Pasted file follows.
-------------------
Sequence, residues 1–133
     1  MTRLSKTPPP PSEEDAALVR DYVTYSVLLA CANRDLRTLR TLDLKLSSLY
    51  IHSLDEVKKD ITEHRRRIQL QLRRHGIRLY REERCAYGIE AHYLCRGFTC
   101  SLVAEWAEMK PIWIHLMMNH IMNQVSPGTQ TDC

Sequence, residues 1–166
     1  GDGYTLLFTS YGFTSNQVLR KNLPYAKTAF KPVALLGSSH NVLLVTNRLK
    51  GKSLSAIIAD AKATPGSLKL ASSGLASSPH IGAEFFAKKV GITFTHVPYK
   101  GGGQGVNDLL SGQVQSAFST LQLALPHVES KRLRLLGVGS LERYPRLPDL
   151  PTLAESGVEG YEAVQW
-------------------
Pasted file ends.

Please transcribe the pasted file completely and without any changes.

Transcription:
Sequence, residues 1–133
     1  MTRLSKTPPP PSEEDAALVR DYVTYSVLLA CANRDLRTLR TLDLKLSSLY
    51  IHSLDEVKKD ITEHRRRIQL QLRRHGIRLY REERCAYGIE AHYLCRGFTC
   101  SLVAEWAEMK PIWIHLMMNH IMNQVSPGTQ TDC

Sequence, residues 1–166
     1  GDGYTLLFTS YGFTSNQVLR KNLPYAKTAF KPVALLGSSH NVLLVTNRLK
    51  GKSLSAIIAD AKATPGSLKL ASSGLASSPH IGAEFFAKKV GITFTHVPYK
   101  GGGQGVNDLL SGQVQSAFST LQLALPHVES KRLRLLGVGS LERYPRLPDL
   151  PTLAESGVEG YEAVQW